Writing About Brexit: The House of Lords Fails To Filibuster

EdinburghEye on Ko-FiThis was first posted on Facebook on 5th September 2019, with support from my Ko-Fi network.

I stayed up til after 1am last night listening to the House of Lords debate the No-to-No-Deal-Brexit bill.

(The last time I did this it was when the Lords were debating equal marriage.)

There was a group of less than a hundred peers who were trying to prevent the bill passing – effectively, a filibuster. Endless references to “Lord True’s manuscript amendment G-9-c-x-zzzzz.”

Something over two hundred peers stayed from 3pm til after 1am consistently voting down the amendments proposed by the Brexiter peers. I was impressed by their tenacity and endurance.

Lord True started talking at one point about how they had never had a guillotine in the House of Lords and shouldn’t start now. He meant not the humane device for removing heads but the introduction of a rule that requires debate on a Bill to be terminated at a fixed time. Another peer pointed out to him that proroguing Parliament was effectively a guillotine and Lord True flew into a little peer-ish tantrum about how prorogue was suspension of Parliament and not a guillotine. Hanging rather than beheading, in other words.

Around 1am the party Whips had a negotiation huddle and sometime around the 18th amendment came to a conclusion: The Lords can continue to debate the bill over Friday, it will return to the Commons on Monday, and the government have agreed it shall receive Royal Assent 5pm Monday – making No Deal Brexit unlawful.

Jeremy Corbyn told Boris Johnson that he wouldn’t consider a general election until this bill had become law. Boris Johnson has committed to proroguing Parliament next week – that is, any time from 5pm Monday to Thursday evening.

He has, therefore, three and a half days to try to provoke Corbyn into agreeing to have Labour vote for a general election under the Fixed Term Parliament Act – which would mean Boris Johnson could set the date.

I don’t think Corbyn wants a general election before November. I could be wrong – no one’s let me in on what Corbyn’s thinking – but here’s how I see it.

If Johnson has control of the general election timetable, he will undoubtedly modify the prorogation of Parliament. He’s said he wants to have a general election on 15th October, but he may be lying about that. He is certainly hoping that by having a general election before the EU Summit on 17/18th October, he can go to the summit with a majority of MPs in his corner – whether Tory or The Brexit Party Ltd – and come back declaring the situation impossible and repeal the Act which requires him to write to the EU on the 19th for an extension.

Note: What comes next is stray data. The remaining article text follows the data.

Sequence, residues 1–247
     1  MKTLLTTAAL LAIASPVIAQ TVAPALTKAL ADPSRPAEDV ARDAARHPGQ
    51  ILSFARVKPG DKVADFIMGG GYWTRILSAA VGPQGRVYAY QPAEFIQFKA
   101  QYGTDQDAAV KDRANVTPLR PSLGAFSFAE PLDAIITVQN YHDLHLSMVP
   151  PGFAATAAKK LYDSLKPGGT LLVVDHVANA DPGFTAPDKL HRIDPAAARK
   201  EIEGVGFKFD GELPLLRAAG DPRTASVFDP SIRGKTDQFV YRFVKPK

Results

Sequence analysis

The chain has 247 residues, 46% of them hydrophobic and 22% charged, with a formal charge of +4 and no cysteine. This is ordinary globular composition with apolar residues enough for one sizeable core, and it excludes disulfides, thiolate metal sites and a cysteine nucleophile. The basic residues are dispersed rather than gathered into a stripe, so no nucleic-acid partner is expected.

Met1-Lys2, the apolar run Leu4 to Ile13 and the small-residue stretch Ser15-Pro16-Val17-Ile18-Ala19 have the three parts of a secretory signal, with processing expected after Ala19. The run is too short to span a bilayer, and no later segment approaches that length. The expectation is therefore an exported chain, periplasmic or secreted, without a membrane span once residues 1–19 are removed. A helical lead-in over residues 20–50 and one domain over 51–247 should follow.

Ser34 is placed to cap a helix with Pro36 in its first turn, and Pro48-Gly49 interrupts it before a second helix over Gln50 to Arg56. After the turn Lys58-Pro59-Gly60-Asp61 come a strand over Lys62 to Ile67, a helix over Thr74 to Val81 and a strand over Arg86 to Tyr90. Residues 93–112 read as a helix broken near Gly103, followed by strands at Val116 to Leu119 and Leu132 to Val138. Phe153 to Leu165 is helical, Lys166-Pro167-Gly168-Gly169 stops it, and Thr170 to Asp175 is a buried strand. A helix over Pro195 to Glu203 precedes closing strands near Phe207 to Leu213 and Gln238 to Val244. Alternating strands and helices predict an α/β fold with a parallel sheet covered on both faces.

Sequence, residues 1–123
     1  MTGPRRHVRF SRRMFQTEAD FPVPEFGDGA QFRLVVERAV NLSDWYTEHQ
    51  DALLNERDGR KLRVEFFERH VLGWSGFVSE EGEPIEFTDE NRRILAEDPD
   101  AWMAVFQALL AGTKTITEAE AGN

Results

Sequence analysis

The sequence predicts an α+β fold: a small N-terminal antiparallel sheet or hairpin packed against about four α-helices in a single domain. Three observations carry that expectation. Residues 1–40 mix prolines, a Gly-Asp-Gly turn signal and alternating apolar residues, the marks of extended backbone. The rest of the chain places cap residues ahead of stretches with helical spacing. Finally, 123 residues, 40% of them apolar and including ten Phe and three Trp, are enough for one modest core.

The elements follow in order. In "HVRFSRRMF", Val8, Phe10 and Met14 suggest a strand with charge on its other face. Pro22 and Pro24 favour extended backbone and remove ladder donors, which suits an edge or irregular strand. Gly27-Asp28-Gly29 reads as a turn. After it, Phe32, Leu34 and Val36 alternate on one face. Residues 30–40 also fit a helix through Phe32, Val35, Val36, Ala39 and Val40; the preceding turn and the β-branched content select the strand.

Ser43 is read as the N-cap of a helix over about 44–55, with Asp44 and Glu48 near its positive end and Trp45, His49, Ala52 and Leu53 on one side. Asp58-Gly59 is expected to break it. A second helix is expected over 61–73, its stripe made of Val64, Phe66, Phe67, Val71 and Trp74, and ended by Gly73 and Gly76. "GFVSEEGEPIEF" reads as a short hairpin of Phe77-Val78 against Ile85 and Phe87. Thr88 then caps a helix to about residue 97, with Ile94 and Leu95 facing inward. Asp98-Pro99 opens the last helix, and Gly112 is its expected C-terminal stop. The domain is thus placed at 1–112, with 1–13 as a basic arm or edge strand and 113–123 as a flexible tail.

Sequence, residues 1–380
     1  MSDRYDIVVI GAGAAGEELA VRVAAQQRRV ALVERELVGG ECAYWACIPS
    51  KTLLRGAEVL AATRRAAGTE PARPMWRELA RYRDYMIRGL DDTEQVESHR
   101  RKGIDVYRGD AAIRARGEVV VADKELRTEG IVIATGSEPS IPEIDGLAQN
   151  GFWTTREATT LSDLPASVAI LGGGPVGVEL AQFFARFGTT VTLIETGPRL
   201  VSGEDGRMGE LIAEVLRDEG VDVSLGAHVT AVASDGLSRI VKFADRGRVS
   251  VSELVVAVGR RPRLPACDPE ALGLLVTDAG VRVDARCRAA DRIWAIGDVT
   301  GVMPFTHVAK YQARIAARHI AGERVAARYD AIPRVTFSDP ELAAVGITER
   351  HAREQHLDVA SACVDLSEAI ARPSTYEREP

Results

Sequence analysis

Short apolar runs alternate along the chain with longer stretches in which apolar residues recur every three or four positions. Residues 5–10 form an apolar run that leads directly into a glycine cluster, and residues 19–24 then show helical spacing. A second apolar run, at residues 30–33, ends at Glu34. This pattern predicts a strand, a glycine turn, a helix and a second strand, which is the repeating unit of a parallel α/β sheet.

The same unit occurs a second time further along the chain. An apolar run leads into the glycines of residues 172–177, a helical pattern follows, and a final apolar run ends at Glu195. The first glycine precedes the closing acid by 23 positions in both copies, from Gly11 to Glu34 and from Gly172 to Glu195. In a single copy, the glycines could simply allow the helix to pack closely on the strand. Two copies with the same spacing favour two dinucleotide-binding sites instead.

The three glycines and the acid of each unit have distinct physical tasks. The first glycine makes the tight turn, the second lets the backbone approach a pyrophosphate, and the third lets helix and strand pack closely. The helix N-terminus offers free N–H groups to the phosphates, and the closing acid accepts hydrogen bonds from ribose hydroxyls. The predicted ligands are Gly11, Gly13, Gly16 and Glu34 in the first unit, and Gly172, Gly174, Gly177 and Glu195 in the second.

Of course Johnson may instead get a hung Parliament. I think that’s the most likely result of an October election. But Corbyn wouldn’t want that either. The best chance of a Labour majority (or even a Labour / SNP / LibDem majority) is a general election after Boris Johnson has been roundly defeated on Brexit.

Without a general election, Boris Johnson’s prorogation of Parliament stands – which means he has to have a Queen’s Speech on 14th October, and schedule a debate for the Queen’s Speech to be voted on 14-16th October, and having at most 289 MPs, he will lose the vote. Again.

Of course, Johnson can try to win back 21 newly-Independent MPs to the fold even only to vote for his Queen’s Speech, but he would have to win back all of them – and I doubt he can.

Once Johnson loses his vote of confidence, this triggers the two-week provision of the Fixed-Term Parliament Act in which the leader of the Opposition has that time to form a government. If Corbyn cannot do so, this triggers a general election – last Thursday in November, I think.

So while Boris Johnson is in Brussels at the EU Summit, he may not even have a government. (This is, I think, the only argument that could lead ex-Tories such as Ken Clarke and Nicholas Soames to at least pass the Queen’s Speech – but they are more likely to argue that Boris Johnson should resign.)

Boris Johnson could, of course, change the dates on which Parliament is prorogued. But it is customary for Parliament to have a recess over conference season. And at some point, I presume, it becomes difficult to impossible to change the date of the State Opening of Parliament – it is a big, traffic-stoppping event in central London that has to be planned for in advance.

And, on 19th October, after his Queen’s Speech has been voted down in the Commons, after he attended a EU Summit as a prime minister without a government, Boris Johnson has by law to write to the EU requesting an extension – and as the UK is about to have either a caretaker government with Corbyn as PM, if a majority of MPs can agree what to do about Brexit, or else a general election: Either one is sufficient for the EU to agree to an extension.

Unless of course Boris Johnson resigns. (Helpfully) The Tory conference in Manchester, 29th September – 2nd October, would be a great venue for that. And if Johnson resigns and is replaced by a Tory leader who could get those 21 MPs back into the fold and provide a plan for Brexit that Brexiter Labour MPs would vote for, everything changes again.

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